The demand for fresh concrete is increasing in the three prefectures most affected by the 2011 disasters as the port and road reconstruction will be in full swing starting next fiscal year. The coastal areas of Iwate, Miyagi and Fukushima prefectures will, for the next two years, be experiencing a rapid increase in rehabilitation projects that are already overdue, two years since the earthquake and tsunami devastated the region.
From April-August this year, there was already a 36.7% increase in fresh concrete shipments, with 2.95 million cubic meters being transported to the region, as compared to the 8.7% increase for the rest of Japan. One problem with fresh concrete is that it needs to be transported to the construction site where it will be used within 90 minutes of production because it dries out easily. Both the central and prefectural governments have been supportive of the concrete manufacturers as they try to increase their production. In fact, there will be eight new concrete plants that will start their production as the new fiscal year starts in April 2014 in order to meet the demands for the three prefectures.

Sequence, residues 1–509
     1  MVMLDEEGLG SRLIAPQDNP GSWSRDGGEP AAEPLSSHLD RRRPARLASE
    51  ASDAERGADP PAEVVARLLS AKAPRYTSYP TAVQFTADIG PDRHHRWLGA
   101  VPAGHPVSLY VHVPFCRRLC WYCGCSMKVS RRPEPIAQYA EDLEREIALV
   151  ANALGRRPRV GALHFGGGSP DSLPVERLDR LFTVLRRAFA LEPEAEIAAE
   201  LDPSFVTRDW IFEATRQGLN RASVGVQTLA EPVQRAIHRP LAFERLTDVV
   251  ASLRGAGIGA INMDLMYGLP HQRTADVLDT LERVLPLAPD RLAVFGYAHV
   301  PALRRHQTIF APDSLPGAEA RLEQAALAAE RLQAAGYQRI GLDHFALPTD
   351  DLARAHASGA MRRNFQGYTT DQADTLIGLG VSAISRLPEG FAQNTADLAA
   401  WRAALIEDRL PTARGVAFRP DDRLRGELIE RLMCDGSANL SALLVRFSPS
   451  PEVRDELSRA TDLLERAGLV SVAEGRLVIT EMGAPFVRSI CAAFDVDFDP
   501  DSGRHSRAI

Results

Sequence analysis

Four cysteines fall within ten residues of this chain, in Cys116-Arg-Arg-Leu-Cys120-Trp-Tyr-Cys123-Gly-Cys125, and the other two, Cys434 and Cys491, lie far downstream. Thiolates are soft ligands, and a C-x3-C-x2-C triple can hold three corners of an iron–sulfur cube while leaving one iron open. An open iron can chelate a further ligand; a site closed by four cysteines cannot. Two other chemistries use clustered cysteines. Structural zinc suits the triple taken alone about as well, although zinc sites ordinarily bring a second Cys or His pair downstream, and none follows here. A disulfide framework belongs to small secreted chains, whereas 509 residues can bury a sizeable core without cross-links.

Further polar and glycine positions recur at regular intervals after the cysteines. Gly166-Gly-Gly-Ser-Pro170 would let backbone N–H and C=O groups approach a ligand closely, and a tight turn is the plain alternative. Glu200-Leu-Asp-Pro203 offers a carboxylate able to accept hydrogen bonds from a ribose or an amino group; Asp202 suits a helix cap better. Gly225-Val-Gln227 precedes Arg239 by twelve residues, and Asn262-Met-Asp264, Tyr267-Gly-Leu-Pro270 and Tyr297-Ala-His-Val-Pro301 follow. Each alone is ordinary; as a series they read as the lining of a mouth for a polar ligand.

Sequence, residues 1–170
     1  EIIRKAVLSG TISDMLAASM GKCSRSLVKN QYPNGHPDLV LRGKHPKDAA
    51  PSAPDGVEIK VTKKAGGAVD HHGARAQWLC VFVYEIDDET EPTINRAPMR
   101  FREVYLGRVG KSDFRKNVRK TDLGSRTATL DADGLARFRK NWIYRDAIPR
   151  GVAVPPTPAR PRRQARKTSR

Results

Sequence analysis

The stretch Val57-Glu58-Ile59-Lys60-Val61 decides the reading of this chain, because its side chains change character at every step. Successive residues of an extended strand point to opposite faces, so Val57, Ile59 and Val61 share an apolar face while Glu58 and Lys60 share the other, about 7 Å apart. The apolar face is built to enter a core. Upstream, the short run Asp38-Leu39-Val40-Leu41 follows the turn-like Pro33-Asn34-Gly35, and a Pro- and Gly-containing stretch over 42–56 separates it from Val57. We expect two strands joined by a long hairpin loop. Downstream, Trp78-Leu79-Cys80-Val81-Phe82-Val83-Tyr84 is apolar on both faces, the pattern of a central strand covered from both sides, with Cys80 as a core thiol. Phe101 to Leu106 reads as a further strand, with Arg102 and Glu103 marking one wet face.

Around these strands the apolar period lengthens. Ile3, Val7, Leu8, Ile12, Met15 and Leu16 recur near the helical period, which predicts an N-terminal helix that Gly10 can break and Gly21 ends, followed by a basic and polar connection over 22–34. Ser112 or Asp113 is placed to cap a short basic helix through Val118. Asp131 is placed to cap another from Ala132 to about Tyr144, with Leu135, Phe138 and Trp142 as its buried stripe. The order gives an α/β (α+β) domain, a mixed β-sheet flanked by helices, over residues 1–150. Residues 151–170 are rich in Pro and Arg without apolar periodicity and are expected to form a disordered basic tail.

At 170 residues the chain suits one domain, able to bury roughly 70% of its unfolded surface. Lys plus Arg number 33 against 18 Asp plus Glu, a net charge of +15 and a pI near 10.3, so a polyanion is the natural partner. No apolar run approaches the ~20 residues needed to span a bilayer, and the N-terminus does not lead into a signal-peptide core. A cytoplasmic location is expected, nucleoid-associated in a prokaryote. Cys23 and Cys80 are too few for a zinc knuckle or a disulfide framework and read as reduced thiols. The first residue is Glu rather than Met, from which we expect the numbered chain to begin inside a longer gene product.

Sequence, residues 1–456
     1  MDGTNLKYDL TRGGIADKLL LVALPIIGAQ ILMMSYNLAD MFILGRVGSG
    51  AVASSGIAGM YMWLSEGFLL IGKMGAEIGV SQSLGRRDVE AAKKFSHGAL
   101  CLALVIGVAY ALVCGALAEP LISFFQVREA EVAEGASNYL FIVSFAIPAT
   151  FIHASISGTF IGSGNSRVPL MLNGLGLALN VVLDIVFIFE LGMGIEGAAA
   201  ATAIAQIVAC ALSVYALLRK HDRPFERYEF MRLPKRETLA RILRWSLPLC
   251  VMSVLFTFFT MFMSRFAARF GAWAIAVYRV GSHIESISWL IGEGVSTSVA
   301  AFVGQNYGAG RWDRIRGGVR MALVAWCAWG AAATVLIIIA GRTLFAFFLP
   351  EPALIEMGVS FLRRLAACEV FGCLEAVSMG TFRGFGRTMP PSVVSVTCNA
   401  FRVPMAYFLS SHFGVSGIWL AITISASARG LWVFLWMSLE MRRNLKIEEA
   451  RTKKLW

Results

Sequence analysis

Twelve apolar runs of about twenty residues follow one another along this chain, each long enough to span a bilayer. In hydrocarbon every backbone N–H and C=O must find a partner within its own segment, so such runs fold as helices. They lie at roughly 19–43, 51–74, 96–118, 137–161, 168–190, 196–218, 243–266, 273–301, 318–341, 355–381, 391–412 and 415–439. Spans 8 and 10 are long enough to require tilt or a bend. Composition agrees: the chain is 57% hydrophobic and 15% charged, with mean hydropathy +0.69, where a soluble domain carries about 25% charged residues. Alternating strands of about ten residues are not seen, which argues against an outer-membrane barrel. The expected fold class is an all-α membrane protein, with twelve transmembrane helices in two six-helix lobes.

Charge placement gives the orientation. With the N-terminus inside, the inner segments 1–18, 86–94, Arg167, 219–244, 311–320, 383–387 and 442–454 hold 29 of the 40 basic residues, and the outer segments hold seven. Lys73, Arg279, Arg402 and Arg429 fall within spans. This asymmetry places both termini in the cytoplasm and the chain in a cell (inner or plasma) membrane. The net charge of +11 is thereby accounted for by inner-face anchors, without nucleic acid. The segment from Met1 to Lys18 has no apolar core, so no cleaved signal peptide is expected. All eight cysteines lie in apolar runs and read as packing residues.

Another concern for the reconstruction efforts is that there might eventually be a shortage of skilled construction workers to work on the sites as they will be competing with the expected projects related to the 2020 Tokyo Olympics. By itself, there is already a low job-opening-to-seeker ratio for skilled workers like mold makers and steeplejacks, according to a survey by the labor ministry. An increase in material costs will also be a challenge for these projects as major cement makers are insisting that fresh concrete makers accept the price increase because of the supply-demand aspects of it.
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